Apple co-founder Steve Wozniak doesn’t believe that Apple should have bought NeXT, the company that provided the foundation for Mac OS X.
The purchase of NeXT – run by Apple’s other co-founder Steve Jobs during the time he was not working at Apple - came at a time when Apple was suffering from an onslaught of bad publicity due to perceived faults in OS 7, which was suffering from crashes.
Macworld caught up with Wozniak while he was in London promoting his biography iWoz. In this book Wozniak claims that the OS 7 crashes were linked to running Microsoft Internet Explorer, rather than the Apple operating system. He says that his own research made it clear that people with IE installed on their Macs were suffering from crashes, but those who used alternative browsers, such as Netscape, were experiencing no problems. Wozniak’s theory was not given credence at the time because IE did not have to be running for the crashes to happen.
Wozniak told Macworld: “There wasn’t an objective engineering type look at the operating system that we had. It was not at fault, although it was implicit a little, it was not the reason Macs were crashing. Apple thought it was and it gave a horrible opinion inside Apple as to what steps we should take to correct it, and these steps were wrong. There was nothing wrong with OS 7.”
“My feeling wasn’t so much about operating systems, as: ‘Does Apple need OS X?’” Wozniak confessed his concerns to Steve Jobs: “I remember asking Steve, telling Steve, that we didn’t really need a new operating system for that amount of money involved in the purchase of NeXT. But he said he had an obligation to his shareholders at NeXT.”
But, Wozniak concedes, the switch to OS X wasn’t a bad thing. “Now looking back it’s a good thing we have a better more stable more complete better operating system, from the ground up,” he said.
Breaking the system, cracking the code
Not that Mac OS 9 - the operating system that predated OS X - was not stable. According to Wozniak. “That was something to say for Mac OS 9. It was just so secure,” he said, denying that the security was based on the fact that being a minority operating system meant that nobody was interested in attacking it. He explained: “Mac OS 9 was differently constructed to anything else. It wasn’t because it was minor and unknown.”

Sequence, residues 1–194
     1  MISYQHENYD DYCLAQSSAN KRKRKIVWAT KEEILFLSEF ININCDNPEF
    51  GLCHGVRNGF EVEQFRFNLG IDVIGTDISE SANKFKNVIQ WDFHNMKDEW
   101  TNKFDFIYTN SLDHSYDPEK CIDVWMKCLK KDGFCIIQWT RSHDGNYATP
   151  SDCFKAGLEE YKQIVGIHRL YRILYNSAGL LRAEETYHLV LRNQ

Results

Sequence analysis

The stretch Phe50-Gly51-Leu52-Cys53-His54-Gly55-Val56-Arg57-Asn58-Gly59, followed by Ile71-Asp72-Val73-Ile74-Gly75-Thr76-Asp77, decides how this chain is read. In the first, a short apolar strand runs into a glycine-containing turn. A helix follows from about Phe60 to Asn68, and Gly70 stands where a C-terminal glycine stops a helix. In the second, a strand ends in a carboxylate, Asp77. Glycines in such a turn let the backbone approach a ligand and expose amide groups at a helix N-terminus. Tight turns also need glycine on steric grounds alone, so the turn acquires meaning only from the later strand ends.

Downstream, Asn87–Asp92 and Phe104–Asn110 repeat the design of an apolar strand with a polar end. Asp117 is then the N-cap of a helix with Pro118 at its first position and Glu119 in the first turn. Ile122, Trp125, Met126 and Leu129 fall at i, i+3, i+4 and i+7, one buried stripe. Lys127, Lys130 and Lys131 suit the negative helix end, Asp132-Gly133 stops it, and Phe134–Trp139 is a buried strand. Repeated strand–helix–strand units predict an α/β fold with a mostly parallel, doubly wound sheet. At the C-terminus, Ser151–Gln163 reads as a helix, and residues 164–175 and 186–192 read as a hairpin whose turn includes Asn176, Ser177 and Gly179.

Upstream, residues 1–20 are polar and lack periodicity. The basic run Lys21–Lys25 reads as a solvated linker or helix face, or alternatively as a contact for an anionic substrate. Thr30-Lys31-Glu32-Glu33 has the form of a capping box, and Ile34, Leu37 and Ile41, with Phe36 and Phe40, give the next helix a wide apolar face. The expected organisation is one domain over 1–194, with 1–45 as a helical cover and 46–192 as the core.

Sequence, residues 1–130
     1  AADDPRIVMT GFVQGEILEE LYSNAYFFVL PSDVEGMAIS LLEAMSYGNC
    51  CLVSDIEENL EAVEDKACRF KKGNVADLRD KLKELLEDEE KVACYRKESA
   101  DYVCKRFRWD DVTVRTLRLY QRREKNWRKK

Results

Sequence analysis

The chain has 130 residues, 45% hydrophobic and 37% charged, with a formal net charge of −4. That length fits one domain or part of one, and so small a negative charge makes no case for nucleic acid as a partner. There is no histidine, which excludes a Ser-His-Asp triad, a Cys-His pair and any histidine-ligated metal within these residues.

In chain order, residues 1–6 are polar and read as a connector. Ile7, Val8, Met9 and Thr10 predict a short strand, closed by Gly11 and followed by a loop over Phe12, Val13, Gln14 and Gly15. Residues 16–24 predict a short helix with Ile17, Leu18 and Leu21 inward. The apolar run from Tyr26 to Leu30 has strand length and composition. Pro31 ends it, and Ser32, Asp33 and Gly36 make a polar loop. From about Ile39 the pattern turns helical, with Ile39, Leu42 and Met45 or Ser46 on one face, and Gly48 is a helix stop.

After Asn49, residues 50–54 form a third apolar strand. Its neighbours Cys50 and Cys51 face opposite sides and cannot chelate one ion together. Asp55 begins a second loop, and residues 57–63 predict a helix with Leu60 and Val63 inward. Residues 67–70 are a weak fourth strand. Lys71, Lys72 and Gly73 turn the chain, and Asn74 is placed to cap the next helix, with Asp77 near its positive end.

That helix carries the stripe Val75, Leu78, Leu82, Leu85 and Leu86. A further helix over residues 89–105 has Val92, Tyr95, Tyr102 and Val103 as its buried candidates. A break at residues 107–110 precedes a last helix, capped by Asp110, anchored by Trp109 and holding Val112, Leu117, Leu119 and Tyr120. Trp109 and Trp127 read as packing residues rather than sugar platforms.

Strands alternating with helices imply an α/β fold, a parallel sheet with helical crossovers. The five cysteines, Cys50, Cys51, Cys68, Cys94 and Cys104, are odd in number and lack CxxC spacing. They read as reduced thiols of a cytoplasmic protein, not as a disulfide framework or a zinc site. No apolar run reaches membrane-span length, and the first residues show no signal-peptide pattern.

Mac OS X on the other hand is built in Unix and is therefore is more prone to attacks because people are familiar with the holes in Unix, explained Woznaik. “Some of the holes in Unix are well known. So keeping Firewalls on is more important. And we keep announcing, even our own security fixes, not as many as Microsoft but still we never really had those in the OS 9 days.”
Wozniak confessed that he has a lot in common with the type of person who seeks to break into an operating system. He described hackers as “some of the brightest people”, adding that: “They are going to be able to solve some of the most complex problems of our lives, and their minds will develop so well by trying to get through those systems that they didn’t create. The script kiddies, they just want to do it because they feel that it gives them power. Maybe that’s the reason why people do that sort of thing.”
“I never once hacked a computer, I never got into one, I never felt like trying to crack a system, but I think that people that do are like myself. I had one of those minds that I think if I could I would have looked for ways, and been real clever to try and find a little hole,” revealed Wozniak.
Steve Wozniak doesn’t condone trying to break into systems. He emphasised that in IT classes that he taught he would set the kids a challenge: “To try and break through someone else’s security, but you can’t do it in a way that damages anything, it can always be restored.”